Nancy Rose

Nancy Rose

Nancy Rose is the director of technology and library media in Merrimack, New Hampshire. The district serves about 4,400 students at six schools from pre-K-12. Rose’s district recently secured funding for a 5-year capital improvement plan for technology, so T&L managing editor Christine Weiser sat down with her at the recent School CIO Summit in Denver to learn more.

TL: How did you get started with your district?

NR: When I came to the district, the position had previously been the director of library media. They had started to add a bit of the tech curriculum to the role, but there wasn’t a clear understanding of what the district actually needed. I now oversee tech infrastructure as well as the curriculum piece for tech and library and library operations.

The district was in need of updated policies and curriculum as well as a new technology plan. Additionally, budgeting for technology was reactive and squeezed in where it could fit. We had an operational budget that maintained contracts and did some purchasing of books, but that was about it. The library media budget focused on the library program without taking into account how much classroom technology had moved beyond overhead projectors. There wasn't a very strong recognition of the convergence of technology and curriculum, and that’s a challenge we are currently working on with an integrated technology and library teaching team.

TL: How did you help your district get more funding?

NR: We started by updating the district technology plan focusing on building capability, rather than just accounting for equipment, networking, and skill instruction. From there we developed a 5-year capital improvement budget for tech infrastructure that was approved by the school board. We started with the question: What can our operational funding reasonably bear to begin to create a technology budget? They already had capital improvement money for facilities, paving, asbestos removal—those kinds of things--so we added the tech infrastructure budget to that.

The five-year plan focuses on network upgrades, server upgrades, switching, putting in WiFi, and adding projectors to every classroom. We were very far behind in all of these areas. So, we added these pieces into the capital improvement budget, and then started the computer-replacement process using leasing, because we had never leased before. We tended to buy replacement hardware just based on direct need. And many years we would go without. There had not previously been a process in the district that did both big-picture technology planning and the budgeting to go with it. District wide, technology had been kind of limping along, so this new funding was a nice shot in the arm.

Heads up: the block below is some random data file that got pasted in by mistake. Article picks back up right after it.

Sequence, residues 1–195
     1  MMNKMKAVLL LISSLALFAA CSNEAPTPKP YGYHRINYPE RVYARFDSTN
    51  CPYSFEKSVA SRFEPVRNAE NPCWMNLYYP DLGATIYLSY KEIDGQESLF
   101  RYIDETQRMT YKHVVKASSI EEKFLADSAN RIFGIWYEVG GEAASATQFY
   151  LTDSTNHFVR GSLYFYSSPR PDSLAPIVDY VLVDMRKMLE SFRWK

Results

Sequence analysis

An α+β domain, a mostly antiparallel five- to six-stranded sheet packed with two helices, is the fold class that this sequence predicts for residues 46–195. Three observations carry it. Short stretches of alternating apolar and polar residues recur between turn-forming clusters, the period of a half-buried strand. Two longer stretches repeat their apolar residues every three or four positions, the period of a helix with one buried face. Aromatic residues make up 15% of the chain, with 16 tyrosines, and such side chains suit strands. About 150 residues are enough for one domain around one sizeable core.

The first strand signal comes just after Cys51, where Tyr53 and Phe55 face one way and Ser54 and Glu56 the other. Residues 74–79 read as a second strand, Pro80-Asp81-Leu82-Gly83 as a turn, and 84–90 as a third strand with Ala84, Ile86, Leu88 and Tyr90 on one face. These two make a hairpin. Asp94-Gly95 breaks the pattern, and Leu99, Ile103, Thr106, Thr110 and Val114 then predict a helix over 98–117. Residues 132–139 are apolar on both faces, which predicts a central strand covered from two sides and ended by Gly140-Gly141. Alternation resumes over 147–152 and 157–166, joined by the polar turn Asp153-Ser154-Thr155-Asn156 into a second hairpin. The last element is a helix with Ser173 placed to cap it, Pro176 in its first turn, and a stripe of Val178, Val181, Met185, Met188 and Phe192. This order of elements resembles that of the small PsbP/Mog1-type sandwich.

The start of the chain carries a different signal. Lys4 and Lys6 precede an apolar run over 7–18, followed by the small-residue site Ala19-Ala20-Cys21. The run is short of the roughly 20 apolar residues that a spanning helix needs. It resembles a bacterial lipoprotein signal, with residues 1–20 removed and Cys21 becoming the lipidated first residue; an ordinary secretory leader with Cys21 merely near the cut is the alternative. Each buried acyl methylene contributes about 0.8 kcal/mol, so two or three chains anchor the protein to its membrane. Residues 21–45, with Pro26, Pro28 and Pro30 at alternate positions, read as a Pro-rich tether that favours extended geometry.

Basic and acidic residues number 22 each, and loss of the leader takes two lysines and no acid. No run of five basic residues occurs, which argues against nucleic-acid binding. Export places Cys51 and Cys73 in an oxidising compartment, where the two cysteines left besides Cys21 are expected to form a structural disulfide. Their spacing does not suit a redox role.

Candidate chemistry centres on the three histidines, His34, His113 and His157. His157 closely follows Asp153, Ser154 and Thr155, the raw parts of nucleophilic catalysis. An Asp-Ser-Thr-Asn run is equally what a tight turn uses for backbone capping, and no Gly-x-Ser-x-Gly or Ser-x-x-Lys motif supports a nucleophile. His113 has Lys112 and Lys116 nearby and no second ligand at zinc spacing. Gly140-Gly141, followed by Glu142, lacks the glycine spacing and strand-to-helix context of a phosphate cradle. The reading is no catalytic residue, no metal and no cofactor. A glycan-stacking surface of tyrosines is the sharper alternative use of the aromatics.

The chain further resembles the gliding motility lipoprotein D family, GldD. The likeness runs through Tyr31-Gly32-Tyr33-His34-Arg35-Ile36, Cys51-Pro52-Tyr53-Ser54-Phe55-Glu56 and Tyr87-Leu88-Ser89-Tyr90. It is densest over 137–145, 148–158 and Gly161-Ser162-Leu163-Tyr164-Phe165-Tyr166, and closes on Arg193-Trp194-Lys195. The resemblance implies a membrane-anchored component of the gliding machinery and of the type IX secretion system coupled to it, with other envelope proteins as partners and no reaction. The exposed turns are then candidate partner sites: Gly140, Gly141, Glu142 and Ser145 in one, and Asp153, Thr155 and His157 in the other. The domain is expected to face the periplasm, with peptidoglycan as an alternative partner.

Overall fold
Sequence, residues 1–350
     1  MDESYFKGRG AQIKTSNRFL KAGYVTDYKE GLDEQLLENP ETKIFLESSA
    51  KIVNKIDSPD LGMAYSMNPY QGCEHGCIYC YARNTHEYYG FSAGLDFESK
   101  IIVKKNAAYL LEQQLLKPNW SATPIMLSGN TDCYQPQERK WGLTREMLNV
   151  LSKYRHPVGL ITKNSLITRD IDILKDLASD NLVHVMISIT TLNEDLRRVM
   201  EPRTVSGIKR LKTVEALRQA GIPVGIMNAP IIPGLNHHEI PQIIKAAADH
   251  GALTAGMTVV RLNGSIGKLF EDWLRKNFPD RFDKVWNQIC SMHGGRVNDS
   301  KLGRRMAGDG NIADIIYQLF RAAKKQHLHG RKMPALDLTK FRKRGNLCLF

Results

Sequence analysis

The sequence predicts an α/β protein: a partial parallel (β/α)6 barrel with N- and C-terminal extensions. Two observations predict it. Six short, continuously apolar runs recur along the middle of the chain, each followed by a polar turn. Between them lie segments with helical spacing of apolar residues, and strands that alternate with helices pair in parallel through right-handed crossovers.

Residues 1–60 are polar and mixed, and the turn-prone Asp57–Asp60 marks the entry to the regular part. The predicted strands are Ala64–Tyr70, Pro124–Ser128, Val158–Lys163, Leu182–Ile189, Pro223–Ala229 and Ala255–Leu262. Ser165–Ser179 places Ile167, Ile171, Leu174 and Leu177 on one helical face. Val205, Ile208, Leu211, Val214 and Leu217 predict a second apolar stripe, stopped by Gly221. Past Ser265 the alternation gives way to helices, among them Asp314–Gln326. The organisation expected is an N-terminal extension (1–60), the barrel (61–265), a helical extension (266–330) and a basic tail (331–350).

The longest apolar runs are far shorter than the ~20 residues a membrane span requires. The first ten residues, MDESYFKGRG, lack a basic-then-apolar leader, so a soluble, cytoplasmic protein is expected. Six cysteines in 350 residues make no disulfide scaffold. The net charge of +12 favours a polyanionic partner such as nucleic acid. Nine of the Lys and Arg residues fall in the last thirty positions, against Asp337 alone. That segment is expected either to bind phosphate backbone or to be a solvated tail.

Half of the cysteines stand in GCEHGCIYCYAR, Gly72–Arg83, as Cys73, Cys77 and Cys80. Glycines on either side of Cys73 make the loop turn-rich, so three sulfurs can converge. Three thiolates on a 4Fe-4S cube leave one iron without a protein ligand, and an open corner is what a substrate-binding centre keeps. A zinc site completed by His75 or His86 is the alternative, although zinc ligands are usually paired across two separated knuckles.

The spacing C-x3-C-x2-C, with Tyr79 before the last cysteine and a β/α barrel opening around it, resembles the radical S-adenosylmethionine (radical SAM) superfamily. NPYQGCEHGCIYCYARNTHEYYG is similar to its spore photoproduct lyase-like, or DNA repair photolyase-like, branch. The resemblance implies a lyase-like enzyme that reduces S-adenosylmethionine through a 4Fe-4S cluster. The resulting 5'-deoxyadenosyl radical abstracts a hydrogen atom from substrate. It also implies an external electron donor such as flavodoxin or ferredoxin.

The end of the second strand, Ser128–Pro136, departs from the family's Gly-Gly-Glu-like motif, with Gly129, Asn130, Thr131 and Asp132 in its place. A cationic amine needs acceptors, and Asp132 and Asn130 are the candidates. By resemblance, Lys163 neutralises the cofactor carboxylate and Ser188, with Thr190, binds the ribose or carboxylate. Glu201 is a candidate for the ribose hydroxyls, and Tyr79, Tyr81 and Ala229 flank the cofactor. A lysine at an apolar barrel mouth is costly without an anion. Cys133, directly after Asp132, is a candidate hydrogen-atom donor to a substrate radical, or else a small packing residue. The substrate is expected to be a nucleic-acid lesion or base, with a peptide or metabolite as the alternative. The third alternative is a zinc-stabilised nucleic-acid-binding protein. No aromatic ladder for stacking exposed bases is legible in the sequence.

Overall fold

When I presented the budget to the school board, they were surprised that I was asking for a six-year computer replacement cycle, since this seemed like a long time between tech advancement. They were more surprised to learn that the district had been working with a 14-year replacement cycle.

The other piece that we added was a voice over IP phone system, with the goal of going to a unified districtwide phone system, which we don't currently have. We converted over to a new carrier for ISP, which saved some money. I also set up the district’s first access to eRate funding, which they hadn’t used before.

In addition to providing a plan and budget for improving technology, we wrote an updated staff technology policy. We broadened the scope beyond just district-provided technology and included social media; the focus is primarily on responsible use of any technology.

What we really need now is a means to align the technology to the content in the classroom. We are working on an integrated technology and information skills curriculum, K-12. We've also started looking at Google Apps versus Microsoft 365 or some other cloud-based collaboration tool. As a district we need to develop an organizational mechanism to evaluate and select digital content and software to go beyond licensed research databases to include texts and iterative learning tools.

TL: How do you educate school leaders who might be pro-technology, but may not have a strong understanding of how to implement it?

NR: I had a good conversation at the School CIO Summit with the superintendent from Eanes ISD in Texas about this. She said you may not ever get these school leaders to model tech, but you can get them to where they're conversant about tech and trying it out. They need to learn how to take ownership of it. The leadership in my district is really getting on board and recognizing that technology and information has its fingers in every aspect of education.

I encourage these leaders to look at model districts that are doing good work with technology, or not. Let them see innovative teachers modeling best practices with technology. I’ve gotten a lot of invitations from SchoolCIO Summit attendees to visit their schools.

TL: Where would you like to see the program in the near future?

NR: I'd like to try going 1:1, but I don’t see that in our near future, or formally deploying a BYOD model. I would like to see more innovative use of technology and information in instruction. I would like to have a software platform solution that encourages more online collaboration and utilization of online resources that are integrated. I would like to ensure we are teaching our students in a way that is relevant to where they are and where they are headed.